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Forget what Doctor Foster's Gemma and Simon are doing to each other - it's their son who'll suffer the most

"Gemma and Simon the worst kind of parents, damaging their child behind the mask of respectability," says Professor Tanya Byron

Tom Taylor holding a glass of wine in Doctor Foster
Published: Tuesday, 3rd October 2017 at 9:03 am

By Professor Tanya Byron


Like millions of others I have been gripped by Doctor Foster, voyeuristically relishing the car crash of Gemma and Simon’s dysfunctional relationship as they both compete to take the top spot in the revenge on your ex-spouse super league.

We watched the cunning, conniving Gemma and Simon from the edge of our seats. Whose side were we on? This was gripping television.

What was extremely uncomfortable, however, was watching the impact of this couple’s twisted and obsessive hatred for each other on their son, Tom.

For me, as a clinical psychologist working with children and families, watching Doctor Foster felt like a busman’s holiday – because this really happens. While Gemma’s behaviour feels Machiavellian, we cheer when she gets one up on her ex, who may have betrayed her by being unfaithful in series one but has spent this series being sociopathic.

But what are the costs as this hateful couple slug it out? As realistically shown by Tom, the ultimate cost is to their child.

Gemma and Simon are, to me, an example of the worst kind of parents, damaging their child behind the mask of respectability. Indeed, while they may not be overtly abusing their child, the psychological impact of their behaviour will cause him lifelong difficulties. And so while they might rationalise that they are fighting it out in order to protect their son from each other, in fact they are jointly complicit in their de facto abuse of him.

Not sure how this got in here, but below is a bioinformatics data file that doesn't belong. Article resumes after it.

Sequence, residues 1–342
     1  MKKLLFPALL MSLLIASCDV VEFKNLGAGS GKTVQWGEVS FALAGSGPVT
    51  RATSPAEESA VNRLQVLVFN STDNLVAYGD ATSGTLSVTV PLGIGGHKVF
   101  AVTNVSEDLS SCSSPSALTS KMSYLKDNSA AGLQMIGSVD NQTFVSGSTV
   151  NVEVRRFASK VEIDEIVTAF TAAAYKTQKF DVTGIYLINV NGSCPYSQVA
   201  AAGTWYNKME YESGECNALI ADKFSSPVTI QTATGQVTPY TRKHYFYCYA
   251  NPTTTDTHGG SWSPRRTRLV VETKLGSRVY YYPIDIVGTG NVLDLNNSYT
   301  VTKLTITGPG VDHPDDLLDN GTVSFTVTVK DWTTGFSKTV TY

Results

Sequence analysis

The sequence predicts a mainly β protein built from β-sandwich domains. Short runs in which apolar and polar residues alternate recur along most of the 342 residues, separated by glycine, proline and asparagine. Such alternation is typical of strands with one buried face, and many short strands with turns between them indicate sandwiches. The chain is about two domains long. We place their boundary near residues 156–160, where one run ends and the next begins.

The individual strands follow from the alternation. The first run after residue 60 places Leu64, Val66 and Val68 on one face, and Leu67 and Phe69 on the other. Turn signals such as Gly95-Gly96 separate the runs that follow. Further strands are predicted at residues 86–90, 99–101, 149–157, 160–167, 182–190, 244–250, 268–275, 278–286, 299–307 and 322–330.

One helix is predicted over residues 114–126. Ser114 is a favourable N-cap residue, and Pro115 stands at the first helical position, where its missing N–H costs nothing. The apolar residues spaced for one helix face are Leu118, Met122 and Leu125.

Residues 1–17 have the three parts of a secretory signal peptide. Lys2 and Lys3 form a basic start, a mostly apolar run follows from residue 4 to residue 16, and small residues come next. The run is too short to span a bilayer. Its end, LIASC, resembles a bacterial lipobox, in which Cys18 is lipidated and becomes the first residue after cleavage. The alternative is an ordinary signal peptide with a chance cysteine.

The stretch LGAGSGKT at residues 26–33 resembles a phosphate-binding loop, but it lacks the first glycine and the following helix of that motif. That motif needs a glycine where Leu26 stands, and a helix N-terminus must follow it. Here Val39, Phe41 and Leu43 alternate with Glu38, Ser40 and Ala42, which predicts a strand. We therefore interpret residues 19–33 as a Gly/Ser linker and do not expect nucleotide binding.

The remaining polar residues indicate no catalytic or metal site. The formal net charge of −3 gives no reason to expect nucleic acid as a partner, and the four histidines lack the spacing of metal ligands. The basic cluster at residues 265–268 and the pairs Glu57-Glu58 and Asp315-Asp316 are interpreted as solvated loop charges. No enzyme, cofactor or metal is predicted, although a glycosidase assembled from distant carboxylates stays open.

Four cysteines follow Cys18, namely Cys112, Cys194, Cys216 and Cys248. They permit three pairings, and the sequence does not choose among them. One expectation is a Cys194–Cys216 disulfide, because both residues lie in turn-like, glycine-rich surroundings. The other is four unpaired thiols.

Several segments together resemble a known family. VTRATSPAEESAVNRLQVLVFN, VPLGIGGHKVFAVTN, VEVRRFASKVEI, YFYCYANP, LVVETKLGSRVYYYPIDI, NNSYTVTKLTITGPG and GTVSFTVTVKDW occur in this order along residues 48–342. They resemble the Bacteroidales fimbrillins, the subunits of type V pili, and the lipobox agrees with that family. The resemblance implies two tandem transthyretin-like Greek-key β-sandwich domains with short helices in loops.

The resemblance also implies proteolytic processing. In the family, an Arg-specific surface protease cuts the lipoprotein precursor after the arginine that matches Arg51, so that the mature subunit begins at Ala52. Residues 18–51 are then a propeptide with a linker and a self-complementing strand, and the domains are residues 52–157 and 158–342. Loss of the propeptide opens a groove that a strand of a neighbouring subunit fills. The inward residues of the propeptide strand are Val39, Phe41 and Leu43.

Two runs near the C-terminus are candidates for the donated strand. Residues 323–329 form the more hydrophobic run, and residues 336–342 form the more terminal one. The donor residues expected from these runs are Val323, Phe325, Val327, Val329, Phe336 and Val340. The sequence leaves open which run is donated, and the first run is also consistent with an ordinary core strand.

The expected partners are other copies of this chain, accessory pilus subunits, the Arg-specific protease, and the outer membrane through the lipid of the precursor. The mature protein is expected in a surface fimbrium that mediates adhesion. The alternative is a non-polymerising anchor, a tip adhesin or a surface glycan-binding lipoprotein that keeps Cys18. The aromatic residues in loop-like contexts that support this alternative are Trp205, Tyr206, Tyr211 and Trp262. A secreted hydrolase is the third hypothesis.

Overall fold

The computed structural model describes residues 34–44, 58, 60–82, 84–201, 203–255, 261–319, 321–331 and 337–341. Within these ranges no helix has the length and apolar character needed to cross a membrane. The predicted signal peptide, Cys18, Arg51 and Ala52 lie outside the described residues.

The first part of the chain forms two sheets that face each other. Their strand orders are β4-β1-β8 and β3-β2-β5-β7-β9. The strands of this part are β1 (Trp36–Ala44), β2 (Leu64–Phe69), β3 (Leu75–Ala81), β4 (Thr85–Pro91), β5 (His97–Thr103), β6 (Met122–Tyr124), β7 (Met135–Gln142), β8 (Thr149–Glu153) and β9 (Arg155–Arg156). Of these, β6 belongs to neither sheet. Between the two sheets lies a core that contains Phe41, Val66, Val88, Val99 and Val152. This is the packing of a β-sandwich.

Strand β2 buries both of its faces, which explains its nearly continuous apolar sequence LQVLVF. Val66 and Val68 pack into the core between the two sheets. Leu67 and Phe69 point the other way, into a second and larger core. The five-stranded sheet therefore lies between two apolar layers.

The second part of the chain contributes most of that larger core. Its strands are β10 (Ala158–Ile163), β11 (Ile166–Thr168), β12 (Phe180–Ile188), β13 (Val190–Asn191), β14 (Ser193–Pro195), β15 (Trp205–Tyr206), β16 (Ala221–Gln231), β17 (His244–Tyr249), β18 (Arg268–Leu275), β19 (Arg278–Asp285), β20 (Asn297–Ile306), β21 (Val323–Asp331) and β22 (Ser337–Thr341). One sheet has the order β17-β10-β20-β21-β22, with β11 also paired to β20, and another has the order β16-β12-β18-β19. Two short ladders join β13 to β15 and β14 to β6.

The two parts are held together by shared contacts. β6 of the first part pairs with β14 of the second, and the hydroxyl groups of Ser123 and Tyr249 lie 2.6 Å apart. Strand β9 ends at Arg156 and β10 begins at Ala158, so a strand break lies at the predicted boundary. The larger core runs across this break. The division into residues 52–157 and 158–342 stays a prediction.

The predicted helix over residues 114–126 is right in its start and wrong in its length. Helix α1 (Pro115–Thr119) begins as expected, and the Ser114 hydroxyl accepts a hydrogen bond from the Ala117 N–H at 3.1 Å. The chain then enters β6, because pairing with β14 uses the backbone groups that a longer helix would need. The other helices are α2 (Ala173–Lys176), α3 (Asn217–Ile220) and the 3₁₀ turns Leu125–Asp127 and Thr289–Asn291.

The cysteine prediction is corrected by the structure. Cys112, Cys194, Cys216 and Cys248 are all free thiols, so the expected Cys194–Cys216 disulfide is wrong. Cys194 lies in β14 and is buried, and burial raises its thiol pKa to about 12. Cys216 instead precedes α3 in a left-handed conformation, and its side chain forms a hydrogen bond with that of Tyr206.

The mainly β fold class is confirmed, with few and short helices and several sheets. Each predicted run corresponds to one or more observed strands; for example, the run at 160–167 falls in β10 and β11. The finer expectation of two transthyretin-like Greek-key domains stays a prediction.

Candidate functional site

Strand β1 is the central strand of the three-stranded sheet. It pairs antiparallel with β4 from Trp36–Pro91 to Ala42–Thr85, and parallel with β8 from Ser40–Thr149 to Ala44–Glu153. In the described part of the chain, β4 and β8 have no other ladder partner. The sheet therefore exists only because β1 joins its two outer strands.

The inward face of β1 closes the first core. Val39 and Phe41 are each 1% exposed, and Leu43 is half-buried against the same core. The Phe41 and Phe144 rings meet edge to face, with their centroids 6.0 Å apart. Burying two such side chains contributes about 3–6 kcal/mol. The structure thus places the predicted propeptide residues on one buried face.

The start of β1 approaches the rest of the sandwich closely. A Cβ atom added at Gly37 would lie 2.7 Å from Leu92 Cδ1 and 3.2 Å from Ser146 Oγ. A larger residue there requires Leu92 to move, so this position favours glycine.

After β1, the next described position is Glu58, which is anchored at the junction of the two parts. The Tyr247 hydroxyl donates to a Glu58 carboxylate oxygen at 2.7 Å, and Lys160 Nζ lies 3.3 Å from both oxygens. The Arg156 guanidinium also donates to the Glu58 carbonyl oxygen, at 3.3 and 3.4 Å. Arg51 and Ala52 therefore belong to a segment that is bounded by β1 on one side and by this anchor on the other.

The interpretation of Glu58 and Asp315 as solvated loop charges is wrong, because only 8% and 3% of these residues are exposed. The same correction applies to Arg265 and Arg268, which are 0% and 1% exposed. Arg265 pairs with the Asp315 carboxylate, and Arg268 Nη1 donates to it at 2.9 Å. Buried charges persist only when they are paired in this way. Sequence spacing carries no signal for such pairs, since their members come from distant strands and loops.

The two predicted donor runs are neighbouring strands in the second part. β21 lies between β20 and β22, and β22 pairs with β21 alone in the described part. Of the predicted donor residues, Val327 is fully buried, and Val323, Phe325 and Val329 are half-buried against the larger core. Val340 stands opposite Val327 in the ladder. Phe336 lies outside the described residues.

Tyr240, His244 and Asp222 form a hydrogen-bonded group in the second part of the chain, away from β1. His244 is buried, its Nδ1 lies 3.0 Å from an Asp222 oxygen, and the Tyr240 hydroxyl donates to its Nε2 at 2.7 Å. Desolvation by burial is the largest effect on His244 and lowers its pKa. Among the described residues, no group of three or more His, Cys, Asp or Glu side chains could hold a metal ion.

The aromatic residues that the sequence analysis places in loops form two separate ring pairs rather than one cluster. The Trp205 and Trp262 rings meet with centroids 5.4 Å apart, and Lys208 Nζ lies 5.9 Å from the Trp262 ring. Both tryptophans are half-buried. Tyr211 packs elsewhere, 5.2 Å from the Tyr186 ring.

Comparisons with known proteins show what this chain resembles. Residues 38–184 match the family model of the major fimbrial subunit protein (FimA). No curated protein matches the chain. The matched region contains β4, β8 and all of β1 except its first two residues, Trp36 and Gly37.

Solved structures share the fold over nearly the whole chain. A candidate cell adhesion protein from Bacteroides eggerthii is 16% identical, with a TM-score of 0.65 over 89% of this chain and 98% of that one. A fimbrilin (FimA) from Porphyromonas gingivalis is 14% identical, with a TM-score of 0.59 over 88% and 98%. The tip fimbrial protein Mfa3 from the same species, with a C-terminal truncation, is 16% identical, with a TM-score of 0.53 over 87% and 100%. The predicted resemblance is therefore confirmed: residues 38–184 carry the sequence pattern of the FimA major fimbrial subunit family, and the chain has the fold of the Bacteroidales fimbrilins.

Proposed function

Tom Foster (played by Tom Taylor)

As parents, Gemma and Simon are dire; watching Tom being buffeted back and forth by his obsessively vengeful parents was extremely unsettling. Indeed, while Gemma may justify her actions based on the treatment she has suffered from Simon, I would argue that nothing justifies what her son is witnessing, and indeed hearing – their angry, post-divorce sado-masochistic sex – through the thin walls of the old family home.

I have worked with many families that are going through separation and divorce. While in a perfect world all children would be raised by both their parents together, it is well understood that children suffer more in households with two unhappy parents than when raised by separated but happy parents.

When I work with couples who, despite being apart, continue to fight, I despair. The toxicity of this conflict means that children are never free from the hostilities that ended their parents’ marriage and often, as they shuttle between two homes, have to endure the “Whose side are you on” position that they are often put in.

It is not their responsibility that the parents are unable to sustain a relationship, so why should it become their responsibility to mediate between two adults behaving like emotionally unintelligent children?

Conflict is damaging, especially conflict happening between the two people children love most in their world. Indeed, children are affected by the mental state and behaviour of their parents and, for children like Tom (who we have already seen displaying aggressive and abusive behaviour), the outcomes can include depression, anxiety and substance misuse.

Gemma and Simon’s legacy to their son is likely to be him finding it difficult to trust others, having difficulties forming and sustaining relationships and anger issues. Their narcissistic preoccupation with revenge means they ignore his needs while he is caught up in an emotionally damaging tug of war.

For Tom, Philip Larkin’s famous line about how your mum and dad mess you up is prophetically accurate. Thankfully, this is drama, a fiction; the tragedy is that for many children such experiences are painfully all too real.

Doctor Foster is on 9pm tonight, BBC2

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